When I first began learning to write fiction a few years ago, I worked on a novel that could have fallen into either the middle grades or the lower-age end of the young adult (or YA) market. I was completely new to fiction but the pages I submitted to my first novel writing contest actually finaled and went to the second round judges. (Can you say, God is gracious?!) I knew I still had much to learn, but one of the final judge’s comments cut deeper than my not-yet-very-thick skin and wounded me for quite a while. Those comments made me question whether God really could use me to write for that age group and I ran in the opposite direction to adult fiction. I spent time fiddling with stories in several genres — contemporary romance, romantic suspense, historical romance.
Then everything changed in the spring of 2010.
I started feeling a definite nudge to move back to writing for kids. Several things happened within a matter of weeks that I know weren’t coincidence since nothing comes by “luck” in God’s plan. So, although I can be slow and hard-headed sometime, I got the message after a lot of prayer and searching.
The result? I pulled out that first manuscript and discovered that some of what I’d written a few years ago was actually salvageable. Now, several years later, I’m still tinkering with that manuscript plus a few other things. Here’s the latest rundown:
- A contemporary middle grades novel about a sheltered seventh grader who has to finally learn how to live her faith in the real world when her dad loses his job and she transfers to public school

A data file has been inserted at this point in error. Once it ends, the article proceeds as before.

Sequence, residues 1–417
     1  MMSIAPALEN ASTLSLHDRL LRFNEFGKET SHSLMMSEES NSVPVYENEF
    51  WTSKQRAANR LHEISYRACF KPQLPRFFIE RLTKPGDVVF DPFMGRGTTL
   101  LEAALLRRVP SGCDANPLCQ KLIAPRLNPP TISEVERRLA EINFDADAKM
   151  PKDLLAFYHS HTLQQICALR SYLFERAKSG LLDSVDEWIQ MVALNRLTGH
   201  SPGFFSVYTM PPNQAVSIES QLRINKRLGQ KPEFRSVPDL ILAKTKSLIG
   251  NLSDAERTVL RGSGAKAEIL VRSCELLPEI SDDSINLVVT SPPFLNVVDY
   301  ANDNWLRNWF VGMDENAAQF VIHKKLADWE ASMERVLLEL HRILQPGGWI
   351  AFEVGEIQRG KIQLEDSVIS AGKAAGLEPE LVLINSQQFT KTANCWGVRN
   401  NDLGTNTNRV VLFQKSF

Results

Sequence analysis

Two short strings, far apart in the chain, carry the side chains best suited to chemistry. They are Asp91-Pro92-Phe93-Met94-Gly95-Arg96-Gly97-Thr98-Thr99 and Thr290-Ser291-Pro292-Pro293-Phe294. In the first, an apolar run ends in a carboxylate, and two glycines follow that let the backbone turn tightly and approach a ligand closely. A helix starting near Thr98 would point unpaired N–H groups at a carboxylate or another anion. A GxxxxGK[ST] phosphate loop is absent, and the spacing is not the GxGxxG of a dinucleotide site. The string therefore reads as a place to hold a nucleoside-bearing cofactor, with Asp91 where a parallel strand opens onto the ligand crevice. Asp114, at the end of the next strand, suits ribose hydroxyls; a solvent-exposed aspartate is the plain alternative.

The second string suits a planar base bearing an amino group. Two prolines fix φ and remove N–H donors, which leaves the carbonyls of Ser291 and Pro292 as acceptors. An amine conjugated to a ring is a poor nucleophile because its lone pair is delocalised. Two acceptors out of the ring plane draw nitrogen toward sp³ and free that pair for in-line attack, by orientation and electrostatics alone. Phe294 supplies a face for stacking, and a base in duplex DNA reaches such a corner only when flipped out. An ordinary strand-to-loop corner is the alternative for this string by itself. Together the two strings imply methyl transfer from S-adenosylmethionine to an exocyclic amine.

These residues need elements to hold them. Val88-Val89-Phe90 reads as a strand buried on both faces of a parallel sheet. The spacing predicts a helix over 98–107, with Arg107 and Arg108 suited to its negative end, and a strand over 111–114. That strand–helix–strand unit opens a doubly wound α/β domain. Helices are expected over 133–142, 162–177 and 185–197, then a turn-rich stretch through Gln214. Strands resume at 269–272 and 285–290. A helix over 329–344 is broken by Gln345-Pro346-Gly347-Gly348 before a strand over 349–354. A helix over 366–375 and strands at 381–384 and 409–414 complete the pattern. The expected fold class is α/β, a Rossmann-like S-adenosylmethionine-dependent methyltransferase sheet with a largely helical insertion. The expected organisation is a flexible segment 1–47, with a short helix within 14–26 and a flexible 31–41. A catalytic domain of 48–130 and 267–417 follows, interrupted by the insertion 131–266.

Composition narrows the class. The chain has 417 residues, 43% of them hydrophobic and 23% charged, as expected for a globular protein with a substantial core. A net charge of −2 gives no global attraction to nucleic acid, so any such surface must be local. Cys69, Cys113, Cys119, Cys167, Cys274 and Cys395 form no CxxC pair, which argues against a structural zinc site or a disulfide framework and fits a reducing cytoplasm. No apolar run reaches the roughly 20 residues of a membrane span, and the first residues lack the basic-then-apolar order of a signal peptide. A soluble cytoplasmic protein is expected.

- A historical YA about a shy teen who discovers a gift for dance and the courage to be herself when a former ballerina moves to town
- A middle grades time travel novel about a brother and sister who receive a special gift from their grandmother that seems pretty lame — until they learn the whole story
If you’re thinking, wow, that’s a lot — you’re right (and that’s not even counting some other ideas rattling around in my head!). Each one is very different from the others, but that’s part of what makes it fun. I decide which one I’m in the mood to work on and step right back into the character’s world no matter which story it is. I would finish sooner if I would stick with one story at a time, but this keeps things interesting. It lets me explore different worlds and gives me several projects to talk with editors or agents about when I go to writers conferences. I’m sure I’ll settle on one or two age groups and genres once I get further down the writing path, but for now I’m just enjoying the journey.